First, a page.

CPVT is short for catecholaminergic polymorphic ventricular tachycardia [KAT-ik-ohl-AH-mihn-er-jik PAH-lee-mawrf-IK ven-TRIK-yuh-ler tak-i-KAHR-dee-uh].
With CPVT, physical activity or emotional stress cause an abnormal heartbeat (arrhythmia) and lead to dizziness or fainting. CPVT is most often diagnosed in children between the ages of 7 and 12.
CPVT is identified by the presence of a ventricular tachycardia. Tachycardia refers to any heartbeat that is more than 100 beats per minute in adolescents and adults, and a heartbeat that is more than 140 beats per minute in children between 2 and 12 years of age. Most experience a heartbeat of over 200 beats per minute during an episode of CPVT. CPVT is a type of ventricular fibrillation [ven-TRIK-yuh-ler fahy-bruh-LEY-shuh], which refers to an irregular heartbeat in the lower chambers of the heart.
If left untreated, these irregular, rapid heart rates can cause poor blood flow and cause the heart to stop beating (cardiac arrest). As many as 1 in 3 cases of CPVT lead to cardiac arrest and the condition may be a significant cause of death in children.
CPVT can be confused with cardiomyopathy [kahr-dee-oh-mahy-OP-uh-thee] but the two conditions are quite different. Cardiomyopathy is an enlarged or thickened heart muscle that damages the surrounding tissues. CPVT is the presence of an abnormally fast heartbeat in the absence of other heart abnormalities.
One of the ways to identify CPVT is the onset of symptoms after your child has engaged in lots of physical activity or had emotional stress. Some of the symptoms you may observe in your child include the following:
- Irregular, fast heartbeat
- Cardiac arrest
CPVT can be genetic. If a family member has the condition your child should also be tested, even if there aren’t any symptoms.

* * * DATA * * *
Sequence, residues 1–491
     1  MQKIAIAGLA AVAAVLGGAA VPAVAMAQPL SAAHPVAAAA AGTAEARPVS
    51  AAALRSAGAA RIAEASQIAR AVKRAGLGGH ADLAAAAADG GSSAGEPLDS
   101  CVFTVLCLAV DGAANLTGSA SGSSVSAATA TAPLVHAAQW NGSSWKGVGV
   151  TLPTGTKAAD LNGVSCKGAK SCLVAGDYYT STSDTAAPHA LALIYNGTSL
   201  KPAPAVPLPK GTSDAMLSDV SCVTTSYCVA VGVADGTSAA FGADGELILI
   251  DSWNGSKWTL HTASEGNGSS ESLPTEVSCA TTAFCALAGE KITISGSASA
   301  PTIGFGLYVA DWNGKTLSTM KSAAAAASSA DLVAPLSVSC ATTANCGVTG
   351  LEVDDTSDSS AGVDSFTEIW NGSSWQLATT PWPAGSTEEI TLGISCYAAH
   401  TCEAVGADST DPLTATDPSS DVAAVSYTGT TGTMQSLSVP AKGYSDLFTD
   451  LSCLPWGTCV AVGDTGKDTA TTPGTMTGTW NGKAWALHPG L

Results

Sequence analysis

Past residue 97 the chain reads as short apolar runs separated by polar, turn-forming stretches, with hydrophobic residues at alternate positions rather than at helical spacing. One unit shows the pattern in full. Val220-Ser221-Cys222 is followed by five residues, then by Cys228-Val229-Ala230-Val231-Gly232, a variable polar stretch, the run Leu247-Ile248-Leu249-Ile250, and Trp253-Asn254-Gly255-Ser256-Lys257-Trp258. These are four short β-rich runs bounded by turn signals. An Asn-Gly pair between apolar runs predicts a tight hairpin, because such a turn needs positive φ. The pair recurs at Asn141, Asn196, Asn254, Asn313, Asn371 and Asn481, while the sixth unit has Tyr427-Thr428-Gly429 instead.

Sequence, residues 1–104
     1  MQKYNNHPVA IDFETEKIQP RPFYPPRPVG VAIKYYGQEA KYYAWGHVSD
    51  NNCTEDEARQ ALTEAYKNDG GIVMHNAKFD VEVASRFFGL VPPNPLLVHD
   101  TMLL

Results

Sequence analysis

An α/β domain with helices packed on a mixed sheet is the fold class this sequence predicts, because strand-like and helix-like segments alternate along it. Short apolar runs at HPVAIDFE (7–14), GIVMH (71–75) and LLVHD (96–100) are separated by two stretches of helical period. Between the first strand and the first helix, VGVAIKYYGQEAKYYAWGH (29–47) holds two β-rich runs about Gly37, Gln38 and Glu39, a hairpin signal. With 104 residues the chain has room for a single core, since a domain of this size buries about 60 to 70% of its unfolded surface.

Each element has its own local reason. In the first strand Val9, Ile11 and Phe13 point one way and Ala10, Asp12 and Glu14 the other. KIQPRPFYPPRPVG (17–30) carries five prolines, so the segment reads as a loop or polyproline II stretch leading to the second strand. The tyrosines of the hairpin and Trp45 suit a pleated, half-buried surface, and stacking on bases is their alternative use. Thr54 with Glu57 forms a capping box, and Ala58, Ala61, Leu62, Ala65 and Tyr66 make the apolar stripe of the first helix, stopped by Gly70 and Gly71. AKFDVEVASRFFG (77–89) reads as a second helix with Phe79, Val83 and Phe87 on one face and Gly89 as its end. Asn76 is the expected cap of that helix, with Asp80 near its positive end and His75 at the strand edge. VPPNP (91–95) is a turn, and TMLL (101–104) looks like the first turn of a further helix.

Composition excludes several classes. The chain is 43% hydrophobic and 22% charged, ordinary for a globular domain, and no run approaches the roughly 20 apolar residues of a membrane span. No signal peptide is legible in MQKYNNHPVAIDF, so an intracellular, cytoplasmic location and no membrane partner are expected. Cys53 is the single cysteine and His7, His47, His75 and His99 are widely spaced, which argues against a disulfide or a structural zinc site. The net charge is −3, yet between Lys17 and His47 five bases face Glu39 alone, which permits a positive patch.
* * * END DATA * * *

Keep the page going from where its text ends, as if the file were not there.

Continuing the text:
In families where CPVT has already been diagnosed, all family members, including children, should be tested for the condition.
If your child has dizziness, fainting, seizure or irregular heartbeat after undergoing physical activity or emotional stress, you should consult your child’s healthcare provider right away. You need to find out if CPVT is the cause.
About half of all cases of CPVT are inherited from a family member who has passed down the inability to create the proteins needed to regulate the heartbeat. The absence of these proteins results in problems with keeping up calcium levels and in turn causes ventricular tachycardia. There is a 50 percent chance that a child will have CPVT if a parent has been diagnosed with the condition.
Doctors are not sure what causes other CPVT cases. One out of every 10,000 people have CPVT, and for half of those cases there is no genetic link.
CPVT is usually tested with treadmill stress testing. Your child may have a normal resting heart rate, but abnormalities will appear under stress. Treadmill testing involves watching your child’s blood pressure and heartrate while they walk or run on a treadmill.
Genetic testing is also available and can be part of a broader panel of tests to decide the source of heart rhythm problems.
There is no cure for CPVT but treatment can prevent symptoms. If your child does not show symptoms of CPVT, but has tested positive for the condition, doctors advise treatment to avoid sudden cardiac death. There are a few potential treatments, including:
- Medicines. Beta-blockers or calcium channel-blockers may be prescribed. You’ll need to monitor your child’s dose closely on these medicines. Follow your healthcare provider’s instructions.
- Defibrillator [dee-FIB-ruh-lay-ter]. If your child’s symptoms persist or are severe, an implantable cardioverter defibrillator [KAHR-dee-oh-VER-ter] (ICD) may be recommended.
In addition to these treatments, it is suggested that your family and your child’s school have an automatic external defibrillator on hand and understand how to use it in the event of an emergency.
There is no way known to prevent CPVT. Your child’s CPVT can be managed with medicine, arrhythmia management techniques, and in more extreme cases, a defibrillator,.
Catecholaminergic polymorphic ventricular tachycardia, or CPVT, is a condition that involves rapid heartrate triggered by physical activity or emotional stress. This causes dizziness and fainting. If left untreated, CPVT can cause the heart to stop beating (cardiac arrest) and cause sudden death.
CPVT is most often diagnosed in childhood. Half of cases are inherited, but doctors aren’t sure what causes the condition in children who don’t inherit it.